Prison Education review – what it means for prison libraries.

The article I am referring to is linked at the end of my blog 🙂

Ive worked across different establishments and spoken with a range of colleagues. These views are trying to capture the challenges we face across the board, not accuse a particular service, prison or provider of failures in any way.

I hope my thoughts are useful/can be part of the conversation for positive developments.

Five years on from Dame Sally Coates independent review, Ofsted and HMIP launch a joint review in to prison Education. It is, without question, very disheartening reading informing us that ‘around 60% of prisons have been graded inadequate or requires improvement.’ For those working or living in prison it doesn’t really come as any suprise.

The pandemic presented us with an unworkable scenario. As other Education settings leant on technology to deliver remote teaching, prison educators had to resort to paper based work-packs to be delivered to learners under their doors on the wings. In-cell phone lines were not easily accessible and tutors were often not allowed on to the wings, meaning we relied on already stretched wing staff to deliver and retrieve the work-packs.
To say the situation wasn’t ideal would be a gross understatement. The review highlights the detrimental impact this all had on prisoners, particularly those with SEND needs and ESOL learners. The report also evidenced that two fifths of prisoners were in their cells for more than 23 hours a day during July to December. Currently in classroom learning still remains limited and its clear that we face a well-being crises among the prison population, and that the most vulnerable of prisoners will feel the impacts most adversely.

There is a lot of hope and opportunity within these challenges. What I saw during this time was a passion, drive and determination to keep providing education from both the prison and civilian staff. I also witnessed endless patience, flexibility, resilience and understanding from the prison learners.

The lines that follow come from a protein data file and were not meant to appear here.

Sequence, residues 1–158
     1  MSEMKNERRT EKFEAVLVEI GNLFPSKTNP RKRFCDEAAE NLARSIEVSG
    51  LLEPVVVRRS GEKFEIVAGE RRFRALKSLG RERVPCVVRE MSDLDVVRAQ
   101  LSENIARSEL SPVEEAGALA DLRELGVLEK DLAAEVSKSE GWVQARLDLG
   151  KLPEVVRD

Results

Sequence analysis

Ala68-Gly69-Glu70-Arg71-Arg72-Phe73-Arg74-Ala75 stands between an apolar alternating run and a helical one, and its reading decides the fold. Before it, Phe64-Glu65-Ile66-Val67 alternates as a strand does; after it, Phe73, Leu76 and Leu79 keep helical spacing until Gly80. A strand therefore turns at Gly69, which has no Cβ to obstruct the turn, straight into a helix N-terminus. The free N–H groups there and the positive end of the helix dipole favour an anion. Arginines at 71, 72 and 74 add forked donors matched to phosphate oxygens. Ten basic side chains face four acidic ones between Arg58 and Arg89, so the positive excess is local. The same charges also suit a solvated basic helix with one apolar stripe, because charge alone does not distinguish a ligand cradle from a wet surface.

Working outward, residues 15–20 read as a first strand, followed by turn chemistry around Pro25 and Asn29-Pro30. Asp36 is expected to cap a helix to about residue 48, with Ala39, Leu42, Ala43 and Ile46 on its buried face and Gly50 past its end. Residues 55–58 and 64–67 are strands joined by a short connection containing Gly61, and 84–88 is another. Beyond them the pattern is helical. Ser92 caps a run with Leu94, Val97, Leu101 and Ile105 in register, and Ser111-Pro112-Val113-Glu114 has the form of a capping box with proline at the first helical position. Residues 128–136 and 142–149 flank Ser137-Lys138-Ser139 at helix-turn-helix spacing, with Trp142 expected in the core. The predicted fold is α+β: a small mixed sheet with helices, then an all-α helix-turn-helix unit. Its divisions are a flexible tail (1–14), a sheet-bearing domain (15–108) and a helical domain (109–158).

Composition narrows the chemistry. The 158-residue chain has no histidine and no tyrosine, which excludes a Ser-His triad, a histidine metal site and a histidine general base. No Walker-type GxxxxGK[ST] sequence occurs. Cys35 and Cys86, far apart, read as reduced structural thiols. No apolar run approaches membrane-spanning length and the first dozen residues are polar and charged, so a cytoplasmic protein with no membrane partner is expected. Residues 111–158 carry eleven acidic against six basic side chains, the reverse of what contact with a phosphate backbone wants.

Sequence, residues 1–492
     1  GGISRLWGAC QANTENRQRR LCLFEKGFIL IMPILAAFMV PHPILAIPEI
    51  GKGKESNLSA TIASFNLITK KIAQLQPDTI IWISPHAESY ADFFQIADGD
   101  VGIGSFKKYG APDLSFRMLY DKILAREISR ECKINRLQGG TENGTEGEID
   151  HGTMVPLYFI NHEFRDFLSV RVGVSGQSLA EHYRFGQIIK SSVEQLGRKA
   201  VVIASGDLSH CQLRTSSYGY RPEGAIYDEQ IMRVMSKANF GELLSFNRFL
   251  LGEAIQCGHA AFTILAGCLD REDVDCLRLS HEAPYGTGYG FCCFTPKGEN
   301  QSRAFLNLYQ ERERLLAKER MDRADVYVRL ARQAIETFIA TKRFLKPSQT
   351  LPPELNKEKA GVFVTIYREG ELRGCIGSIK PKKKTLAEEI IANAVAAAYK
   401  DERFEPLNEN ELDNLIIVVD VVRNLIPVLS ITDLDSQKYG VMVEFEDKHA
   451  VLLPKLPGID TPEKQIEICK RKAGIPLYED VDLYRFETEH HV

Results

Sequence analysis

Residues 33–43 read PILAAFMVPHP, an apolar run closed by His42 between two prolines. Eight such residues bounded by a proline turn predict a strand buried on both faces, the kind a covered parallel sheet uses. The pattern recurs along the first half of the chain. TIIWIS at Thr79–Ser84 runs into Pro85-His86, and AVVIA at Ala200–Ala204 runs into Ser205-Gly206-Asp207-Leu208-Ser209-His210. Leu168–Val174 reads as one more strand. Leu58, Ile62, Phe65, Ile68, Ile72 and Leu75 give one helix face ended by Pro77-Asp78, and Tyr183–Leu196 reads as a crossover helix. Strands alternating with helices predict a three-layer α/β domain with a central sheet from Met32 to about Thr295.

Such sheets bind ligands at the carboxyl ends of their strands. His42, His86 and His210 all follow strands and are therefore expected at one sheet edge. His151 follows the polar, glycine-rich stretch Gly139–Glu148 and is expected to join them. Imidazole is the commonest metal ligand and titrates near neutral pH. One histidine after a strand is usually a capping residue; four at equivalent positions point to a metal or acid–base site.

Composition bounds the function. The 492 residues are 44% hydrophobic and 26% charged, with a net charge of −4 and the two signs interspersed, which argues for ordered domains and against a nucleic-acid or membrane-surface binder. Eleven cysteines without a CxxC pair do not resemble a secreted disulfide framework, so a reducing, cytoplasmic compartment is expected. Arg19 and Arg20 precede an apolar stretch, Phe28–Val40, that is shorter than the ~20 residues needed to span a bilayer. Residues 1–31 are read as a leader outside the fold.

The report offers library staff two key insights and some real opportunities.

The first insight; in a stretched prison education system libraries are the resource education providers can lean on. Our services are vital now more than ever. The review places a strong emphasis on reading and will shape the focus of Ofsted and HMIPs visits this autumn/winter. Education departments and tutors need to work closer with their libraries to bridge gaps for those who need support with reading. Library staff have a wealth of knowledge in this area. It was my experience that tutors and library staff did not work together on making in cell packs accessible to all readers and this feels like a missed opportunity.

The second insight was that if library work had been more considered in this review the outlook wouldnt be so bleak. Referring to reading support the article states

“a few prisons had made efforts to implement peer -support buddy systems. It is unclear whether buddies had been trained or whether this was an effective way to support these learners”

I felt frustration at this, perhaps if library staff had been involved in this review things would have been evaluated differently. I know that for one of the libraries I worked in it would have read

“The buddy scheme is extremely successful and had been the primary way reading has been taught in our prison. We work with Shannon Trust trained mentors and although Covid has provided challenges the scheme has come in to its own during this time”

libraries are often the providers of projects such as Shannon Trust, Bear and Me and Storybook Dads. If we aren’t including libraries in reviews of education then we aren’t getting a true picture of provision, or a real understanding of the value libraries add.

My final thought is around opportunity, its something I’ve thought about before but have never had a line manager I could quite convince!
It is so clear to me where libraries support educational opportunities for prisoners but we don’t seem to recognise the vocational opportunities. With CILIPS apprentiship scheme and prison orderlies working in our prison libraries I would love to see recognised library qualifications for prisoners. That would be a great way to address one of the major concerns of the review;

“prison leaders and education providers must make sure that there are as many vocational training opportunities and places as possible”

Id love to know others thoughts on all this.

heres the article

Thanks for reading 🙂

Prison Education review – what it means for prison libraries.